Project SUCCESS receives $100k grant from Super Bowl committee

Minneapolis students plate a tamale dish Aug. 15 during a cooking seminar in Project SUCCESS' new student learning center. Photo by Nate Gotlieb

Project SUCCESS on Aug. 15 received a $100,000 grant from the Minnesota Super Bowl Host Committee for its new student learning center.

The youth-development organization will use the space to provide students with the ability to complete courses and earn school credit, develop technology skills and earn certifications in subjects such as health, wellness and physical education.

The new space features a kitchen, multiple breakout rooms and technology such as smart TVs, computers and 3D printers provided by Best Buy. It will allow students to meet community influencers, build personal and professional networks and gain understanding of emerging trends, technologies and health and wellness programs, according to a news release.

“This is such an incredible combination of technology (and) health and wellness in this gorgeous new space,” said Dana Nelson, vice president of legacy and community partnerships with the host committee’s Legacy Fund. “We could not be more proud to be standing here.”

Project SUCCESS expects to serve students from 27 schools in Minneapolis with the new space. Founder and Executive Director Adrienne Diercks said the grant will help students earn class credit and critical life skills and experiences. Diercks said the credit-recovery efforts in physical education and health will lead to increased graduation rates.

“It’s a continuation of what we do with students and families,” she said. “It’s wanting to continue to be a good partner to (Minneapolis Public Schools) and serve (students) where they are.”

Project SUCCESS, the host committee and Best Buy hosted a cooking seminar in the learning center on Aug. 15. About a dozen students learned about Native American foods and food systems from Sean Sherman, founder of The Sioux Chef, a nonprofit aimed at revitalizing Native American cuisine. Sherman had the students plate their own tamale dishes made with ingredients native to North America. Students also received Fitbits from Best Buy.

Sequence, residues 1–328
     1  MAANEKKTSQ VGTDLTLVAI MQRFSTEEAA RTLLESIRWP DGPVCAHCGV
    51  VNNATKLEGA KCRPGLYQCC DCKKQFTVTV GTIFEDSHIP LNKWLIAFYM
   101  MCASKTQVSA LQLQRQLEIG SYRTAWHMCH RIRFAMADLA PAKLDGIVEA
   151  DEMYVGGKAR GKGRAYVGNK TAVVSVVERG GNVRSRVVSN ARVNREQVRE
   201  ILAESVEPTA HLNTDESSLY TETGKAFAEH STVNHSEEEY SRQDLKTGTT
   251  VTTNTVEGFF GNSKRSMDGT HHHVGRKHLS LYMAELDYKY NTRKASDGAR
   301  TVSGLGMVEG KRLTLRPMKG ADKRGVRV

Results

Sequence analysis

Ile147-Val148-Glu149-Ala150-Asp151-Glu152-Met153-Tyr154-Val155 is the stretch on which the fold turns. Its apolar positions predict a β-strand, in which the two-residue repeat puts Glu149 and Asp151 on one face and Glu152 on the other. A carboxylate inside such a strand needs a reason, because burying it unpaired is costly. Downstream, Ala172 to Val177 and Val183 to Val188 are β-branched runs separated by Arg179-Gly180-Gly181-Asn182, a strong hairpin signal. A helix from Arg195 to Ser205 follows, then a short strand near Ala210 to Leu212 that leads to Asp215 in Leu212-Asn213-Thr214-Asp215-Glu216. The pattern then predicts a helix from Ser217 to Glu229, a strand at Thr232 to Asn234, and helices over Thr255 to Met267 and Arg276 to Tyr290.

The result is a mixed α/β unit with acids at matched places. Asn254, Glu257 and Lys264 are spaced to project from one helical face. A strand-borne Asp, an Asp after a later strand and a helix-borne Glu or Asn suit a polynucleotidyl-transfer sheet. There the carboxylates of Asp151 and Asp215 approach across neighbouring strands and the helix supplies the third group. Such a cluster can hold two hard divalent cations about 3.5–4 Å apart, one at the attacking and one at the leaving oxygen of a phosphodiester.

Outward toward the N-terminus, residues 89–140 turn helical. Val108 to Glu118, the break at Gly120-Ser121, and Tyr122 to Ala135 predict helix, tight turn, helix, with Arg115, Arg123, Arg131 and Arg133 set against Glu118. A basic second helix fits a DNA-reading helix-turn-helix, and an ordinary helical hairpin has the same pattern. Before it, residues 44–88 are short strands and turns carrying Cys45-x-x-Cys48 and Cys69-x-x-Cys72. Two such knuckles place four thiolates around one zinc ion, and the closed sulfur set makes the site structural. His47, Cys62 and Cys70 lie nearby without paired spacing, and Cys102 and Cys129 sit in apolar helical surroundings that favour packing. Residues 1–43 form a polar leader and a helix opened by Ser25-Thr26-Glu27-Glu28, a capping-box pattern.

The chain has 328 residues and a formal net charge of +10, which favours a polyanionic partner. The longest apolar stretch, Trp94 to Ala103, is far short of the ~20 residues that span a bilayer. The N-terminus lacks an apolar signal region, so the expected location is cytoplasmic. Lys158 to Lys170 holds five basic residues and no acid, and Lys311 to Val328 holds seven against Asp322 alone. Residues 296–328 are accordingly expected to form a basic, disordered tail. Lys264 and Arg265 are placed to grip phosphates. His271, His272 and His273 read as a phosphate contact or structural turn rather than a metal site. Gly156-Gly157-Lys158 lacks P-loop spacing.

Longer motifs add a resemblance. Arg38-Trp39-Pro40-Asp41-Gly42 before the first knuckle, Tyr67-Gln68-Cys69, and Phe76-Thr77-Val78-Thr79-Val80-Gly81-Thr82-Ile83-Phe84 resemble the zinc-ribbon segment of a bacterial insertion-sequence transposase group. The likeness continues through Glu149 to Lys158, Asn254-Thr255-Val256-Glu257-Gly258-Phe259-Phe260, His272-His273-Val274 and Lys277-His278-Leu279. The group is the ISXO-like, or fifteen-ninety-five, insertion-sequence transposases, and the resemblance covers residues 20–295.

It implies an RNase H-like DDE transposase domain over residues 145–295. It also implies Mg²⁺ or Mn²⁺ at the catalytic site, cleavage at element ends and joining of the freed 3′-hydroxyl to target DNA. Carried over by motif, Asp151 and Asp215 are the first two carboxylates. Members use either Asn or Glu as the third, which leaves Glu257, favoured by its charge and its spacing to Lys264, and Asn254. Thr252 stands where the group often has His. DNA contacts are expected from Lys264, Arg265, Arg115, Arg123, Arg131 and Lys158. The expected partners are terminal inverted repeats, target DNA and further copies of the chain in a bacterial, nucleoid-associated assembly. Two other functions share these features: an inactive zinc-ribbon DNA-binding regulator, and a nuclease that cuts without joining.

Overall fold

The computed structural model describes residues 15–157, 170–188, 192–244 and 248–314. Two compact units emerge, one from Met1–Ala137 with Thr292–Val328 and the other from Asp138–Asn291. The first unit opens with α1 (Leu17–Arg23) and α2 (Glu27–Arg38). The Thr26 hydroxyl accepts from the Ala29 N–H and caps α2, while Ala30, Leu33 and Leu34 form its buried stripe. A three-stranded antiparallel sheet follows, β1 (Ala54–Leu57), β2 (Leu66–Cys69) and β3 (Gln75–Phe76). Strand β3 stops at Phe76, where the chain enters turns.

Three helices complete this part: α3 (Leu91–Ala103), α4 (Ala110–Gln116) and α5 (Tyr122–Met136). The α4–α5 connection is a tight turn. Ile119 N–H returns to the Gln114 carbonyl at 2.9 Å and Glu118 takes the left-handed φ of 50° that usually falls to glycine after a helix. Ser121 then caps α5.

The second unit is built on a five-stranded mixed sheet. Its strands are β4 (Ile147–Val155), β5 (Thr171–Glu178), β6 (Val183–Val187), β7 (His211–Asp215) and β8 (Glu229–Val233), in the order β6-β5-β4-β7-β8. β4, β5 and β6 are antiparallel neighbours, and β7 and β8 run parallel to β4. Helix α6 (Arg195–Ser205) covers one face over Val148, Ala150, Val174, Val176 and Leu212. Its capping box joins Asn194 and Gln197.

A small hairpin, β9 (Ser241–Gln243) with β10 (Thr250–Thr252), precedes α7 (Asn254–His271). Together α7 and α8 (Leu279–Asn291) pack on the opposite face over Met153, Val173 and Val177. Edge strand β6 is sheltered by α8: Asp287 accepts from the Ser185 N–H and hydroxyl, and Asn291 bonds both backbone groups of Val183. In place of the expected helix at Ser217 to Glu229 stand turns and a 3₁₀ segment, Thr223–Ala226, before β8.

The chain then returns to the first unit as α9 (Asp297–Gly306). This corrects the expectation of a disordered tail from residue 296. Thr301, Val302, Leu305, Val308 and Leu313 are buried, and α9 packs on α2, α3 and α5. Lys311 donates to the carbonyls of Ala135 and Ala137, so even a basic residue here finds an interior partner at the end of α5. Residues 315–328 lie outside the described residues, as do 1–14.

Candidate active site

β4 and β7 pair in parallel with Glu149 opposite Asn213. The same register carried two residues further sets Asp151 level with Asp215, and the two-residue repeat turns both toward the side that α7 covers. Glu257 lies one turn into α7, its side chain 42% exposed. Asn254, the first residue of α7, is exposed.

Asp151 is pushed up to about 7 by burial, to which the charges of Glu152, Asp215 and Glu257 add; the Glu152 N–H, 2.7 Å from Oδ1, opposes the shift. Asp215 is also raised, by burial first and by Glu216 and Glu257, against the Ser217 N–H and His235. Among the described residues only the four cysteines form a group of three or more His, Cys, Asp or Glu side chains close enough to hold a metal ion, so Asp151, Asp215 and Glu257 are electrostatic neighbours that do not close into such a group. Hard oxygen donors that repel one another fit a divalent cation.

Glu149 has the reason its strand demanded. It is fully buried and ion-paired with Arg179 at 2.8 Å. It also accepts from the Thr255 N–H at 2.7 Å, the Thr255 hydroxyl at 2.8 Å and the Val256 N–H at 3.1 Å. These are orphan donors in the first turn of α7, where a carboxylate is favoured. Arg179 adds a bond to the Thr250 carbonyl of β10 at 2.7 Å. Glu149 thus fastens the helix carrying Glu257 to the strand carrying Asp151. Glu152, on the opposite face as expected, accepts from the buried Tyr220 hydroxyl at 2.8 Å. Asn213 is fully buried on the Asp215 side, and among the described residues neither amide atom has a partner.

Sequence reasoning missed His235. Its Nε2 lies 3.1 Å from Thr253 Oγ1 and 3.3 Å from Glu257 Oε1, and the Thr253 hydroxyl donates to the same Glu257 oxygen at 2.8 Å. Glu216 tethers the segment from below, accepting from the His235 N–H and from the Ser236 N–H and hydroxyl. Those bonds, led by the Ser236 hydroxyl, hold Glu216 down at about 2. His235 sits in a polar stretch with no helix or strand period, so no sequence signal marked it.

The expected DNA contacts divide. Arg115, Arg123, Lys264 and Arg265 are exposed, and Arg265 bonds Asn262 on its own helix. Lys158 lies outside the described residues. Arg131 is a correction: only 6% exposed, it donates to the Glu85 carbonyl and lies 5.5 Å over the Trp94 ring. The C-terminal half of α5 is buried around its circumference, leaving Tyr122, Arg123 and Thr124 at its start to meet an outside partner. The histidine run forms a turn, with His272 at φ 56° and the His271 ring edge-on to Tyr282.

The host committee’s grant was part of its 52 Weeks of Giving campaign, a yearlong effort to improve the health and wellness of young people in Minnesota. The committee is awarding one grant a week in the 52 weeks leading up to the Super Bowl on Feb. 4 at U.S. Bank Stadium.

The committee is focused on health and wellness and has funded projects such as bike fleets and playgrounds in other communities, said Wendy Nelson, chair of the host committee’s Legacy Advisory Board.

“We really want these projects to be transformational,” Nelson said.

She said the program began when the host committee expressed a desire to make the Super Bowl “more than a game.” At the same time, she said, committee members heard that children born today have a shorter life expectancy than their parents.

Project SUCCESS represented week 28 in the grant program. Dana Nelson said the committee would hit $2 million distributed with the following week’s grant and was looking at distributing just over $4 million over the program’s life.

The program is privately funded and includes $1 million from the NFL Foundation, the nonprofit representing all 32 NFL teams.

Project SUCCESS aims to motivate students to set goals, plan for their futures and pursue their dreams. It holds monthly workshops in schools and takes students to professional theater performances, on college tours, on trips to the Boundary Waters and even abroad on global experiences.

The organization is approaching its 25th year.

“Project SUCCESS knows how to work with the whole child and make them blossom,” said Elia Bruggeman, a special assistant to Minnesota Department of Education Commissioner Brenda Cassellius.

Patrick Henry High School 12th-grader Shaadia Munye traveled to France with Project SUCCESS this past May. She said the trip helped her realize there is no barrier big enough from stopping people from accomplishing their dreams.

“I always had dreams and goals,” Munye said, “but Project SUCCESS helped me to think of more ideas (and) narrow down details in terms of what I was interested in.”

Munye said she hopes to first travel to Somalia to visit her family and then become a pediatric surgeon. She would at some point like to work for Project SUCCESS, she said.

She said her experiences with the organization taught her to appreciate everything and everyone in life.

“I learned that the world is bigger than what we are exposed to,” Munye said. “Therefore our dreams and our goals can be far beyond what we may think we are capable of.”